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Science Fiction and the Drug War

by Ballard Quass, the Drug War Philosopher

July 17, 2022

n Seth MacFarlane's Orville, the Union Council has turned Earth into a world without hunger and violence while yet having continued to outlaw all psychoactive substances except for liquor. All problems have been solved and now the world is everbyody's oyster.

Well, we both know that that's never going to happen. No matter what the nerds say, neither peace nor peace of mind comes as a result of mere technological progress. If that were so, today's humans should be ecstatic compared to their condition just 50 years ago, and yet au contraire: today they're shooting up schoolyards and threatening to launch nuclear wars.

That's why shows like The Orville are so irritating: they ignore the obvious solution to violence and hatred, i.e. psychoactive medicine, preferring instead to bring peace to the galaxy through the same old gunboat diplomacy of our forebears and by patching up shrewd treaties with hot-headed (and inevitably gnarly-looking) aliens.

So while the Orville crew may have peace on their home front, they're more than happy to blow a Kaylon ship out of the sky, without sparing one thought for the Kaylon kids who have thereby lost a father.

If Seth wants us to really credit his utopian depiction of Earth, he would show us a world full of psychologically savvy empaths, who help Earthlings to screw their heads on straight through the advised use of any psychoactive substances whatsoever, some of which have inspired entire religions in the past. Then, rather than blasting Kaylon fathers out of the sky, the Earthlings would spread the news around the galaxy about how all human-like species can profit from the godsend psychoactive substances which the barbarians of the past once tried to stupidly demonize with the politically created pejorative called "drugs." Otherwise, his utopia is based on the patently false idea that humans can perfect their species by surrounding themselves with ever cooler apps, until they reach a drug-free nirvana of maximum efficiency.

Author's Follow-up: July 20, 2022

Oh, and pardon me, but Claire Finn's infatuation with robots is absurd. She may as well fall in love with a mannequin. When a child thinks that a robot is real, we laugh; when a full-grown woman (a doctor, no less) thinks that a robot is real, we hold our hands up in despair -- unless, of course, we are acne-scarred programming nerds who are flattered by the idea that our coding is so advanced that it can precipitate the growth of human emotions and even sentience.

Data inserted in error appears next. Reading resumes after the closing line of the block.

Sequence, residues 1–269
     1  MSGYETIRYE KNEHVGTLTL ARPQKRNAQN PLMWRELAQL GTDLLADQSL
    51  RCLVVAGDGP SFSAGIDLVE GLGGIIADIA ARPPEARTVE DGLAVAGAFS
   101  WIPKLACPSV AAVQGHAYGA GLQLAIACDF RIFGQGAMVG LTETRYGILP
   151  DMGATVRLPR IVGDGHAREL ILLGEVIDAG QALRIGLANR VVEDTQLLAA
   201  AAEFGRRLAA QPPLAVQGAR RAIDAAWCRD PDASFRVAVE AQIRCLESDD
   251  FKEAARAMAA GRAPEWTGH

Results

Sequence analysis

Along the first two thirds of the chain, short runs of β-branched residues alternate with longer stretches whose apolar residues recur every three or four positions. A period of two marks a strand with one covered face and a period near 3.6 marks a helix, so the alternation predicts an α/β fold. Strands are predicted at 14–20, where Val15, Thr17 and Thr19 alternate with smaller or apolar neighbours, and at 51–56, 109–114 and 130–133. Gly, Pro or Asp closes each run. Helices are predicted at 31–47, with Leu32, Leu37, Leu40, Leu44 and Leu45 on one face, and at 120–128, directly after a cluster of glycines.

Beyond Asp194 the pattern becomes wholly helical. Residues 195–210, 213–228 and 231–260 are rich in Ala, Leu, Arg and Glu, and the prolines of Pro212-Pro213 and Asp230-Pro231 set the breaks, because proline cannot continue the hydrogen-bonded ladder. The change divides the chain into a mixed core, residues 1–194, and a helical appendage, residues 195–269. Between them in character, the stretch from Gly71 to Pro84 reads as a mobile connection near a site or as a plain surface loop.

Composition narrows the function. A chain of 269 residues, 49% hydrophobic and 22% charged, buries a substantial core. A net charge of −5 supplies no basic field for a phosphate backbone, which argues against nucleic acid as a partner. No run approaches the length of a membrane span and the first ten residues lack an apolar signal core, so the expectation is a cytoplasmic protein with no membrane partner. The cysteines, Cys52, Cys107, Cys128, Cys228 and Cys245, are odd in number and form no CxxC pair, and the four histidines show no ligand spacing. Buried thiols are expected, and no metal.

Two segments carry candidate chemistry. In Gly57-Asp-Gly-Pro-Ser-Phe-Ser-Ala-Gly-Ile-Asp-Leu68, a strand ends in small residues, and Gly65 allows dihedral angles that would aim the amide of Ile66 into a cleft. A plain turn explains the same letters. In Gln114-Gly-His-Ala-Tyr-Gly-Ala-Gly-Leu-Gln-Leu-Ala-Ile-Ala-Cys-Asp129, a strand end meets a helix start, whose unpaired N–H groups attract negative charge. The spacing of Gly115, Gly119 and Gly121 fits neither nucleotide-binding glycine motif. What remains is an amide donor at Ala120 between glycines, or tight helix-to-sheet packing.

If Claire wants to love anyone, it should be the programmer who wrote the code for Isaac, not Isaac himself (or rather itself), who, after all, can be endlessly compiled into infinite variants of himself, each asserting its own list of rights, whereas the programmer has only one go-to face to present to the world and claims only those rights that appertain to one solitary board-certified human being.

And now analog curmudgeons like myself have to treat Isaac as a human being? At least nowadays, I can still yell at a phone-bot when it completely misunderstands my most basic sentence. If Seth MacFarlane has his way, my descendants will be arrested for harassing robots when they task the tin can tribe for their notorious lack of common sense.

That said, I'm a bit of a programmer myself. I'm always worried that one of my programs will spring to life of its own accord someday and demand recognition as a conscious entity. I wrote a rather complicated tic-tac-toe game a few years back -- who's to say that it won't spring into existence someday and demand its fair share of rights as a sentient being? Of course that will raise the question: can mere "software code" have rights, or does the code have to express itself through the medium of human-looking firmware that folks like us can plausibly associate with humanity?

I'd love to be the fly on the wall of the Supreme Court when they tackle that case. I bet the software code will win, too. After all, it does sound like a kind of "lookism" to limit our attribution of sentience merely to creatures that manifest themselves as solid objects. Surely, it's what's in your heart that counts -- or else what's in your hard drive!

Next essay: Heidegger on Drugs
Previous essay: How the Drug War Screws the Depressed

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The book "Plants of the Gods" is full of plants and fungi that could help addicts and alcoholics, sometimes in the plant's existing form, sometimes in combinations, sometimes via extracting alkaloids, etc. But drug warriors need addiction to sell their prohibition ideology.

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